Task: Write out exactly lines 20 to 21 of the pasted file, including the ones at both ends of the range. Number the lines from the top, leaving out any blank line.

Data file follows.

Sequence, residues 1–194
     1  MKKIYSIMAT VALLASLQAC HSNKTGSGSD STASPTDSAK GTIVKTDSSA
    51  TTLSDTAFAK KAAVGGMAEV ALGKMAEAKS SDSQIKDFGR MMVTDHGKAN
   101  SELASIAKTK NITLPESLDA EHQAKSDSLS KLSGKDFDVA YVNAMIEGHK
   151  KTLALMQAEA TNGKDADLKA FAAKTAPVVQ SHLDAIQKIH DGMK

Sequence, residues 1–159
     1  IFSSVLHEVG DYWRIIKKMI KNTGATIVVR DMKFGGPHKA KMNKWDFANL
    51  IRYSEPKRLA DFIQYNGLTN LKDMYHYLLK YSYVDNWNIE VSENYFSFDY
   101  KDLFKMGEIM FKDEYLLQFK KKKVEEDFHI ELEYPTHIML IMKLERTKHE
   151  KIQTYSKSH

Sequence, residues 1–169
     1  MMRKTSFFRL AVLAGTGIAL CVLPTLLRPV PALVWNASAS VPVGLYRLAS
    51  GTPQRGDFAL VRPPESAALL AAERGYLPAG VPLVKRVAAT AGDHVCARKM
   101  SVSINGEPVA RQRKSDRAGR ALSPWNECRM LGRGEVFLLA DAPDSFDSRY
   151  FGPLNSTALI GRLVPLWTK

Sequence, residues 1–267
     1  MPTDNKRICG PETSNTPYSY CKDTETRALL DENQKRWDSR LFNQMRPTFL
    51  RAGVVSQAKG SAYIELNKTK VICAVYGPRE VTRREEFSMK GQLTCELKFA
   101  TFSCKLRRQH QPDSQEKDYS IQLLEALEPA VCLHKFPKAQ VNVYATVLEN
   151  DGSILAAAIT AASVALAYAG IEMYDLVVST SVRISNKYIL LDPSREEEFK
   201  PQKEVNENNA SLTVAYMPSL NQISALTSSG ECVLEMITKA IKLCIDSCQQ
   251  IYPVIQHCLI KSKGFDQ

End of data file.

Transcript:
   151  DGSILAAAIT AASVALAYAG IEMYDLVVST SVRISNKYIL LDPSREEEFK
   201  PQKEVNENNA SLTVAYMPSL NQISALTSSG ECVLEMITKA IKLCIDSCQQ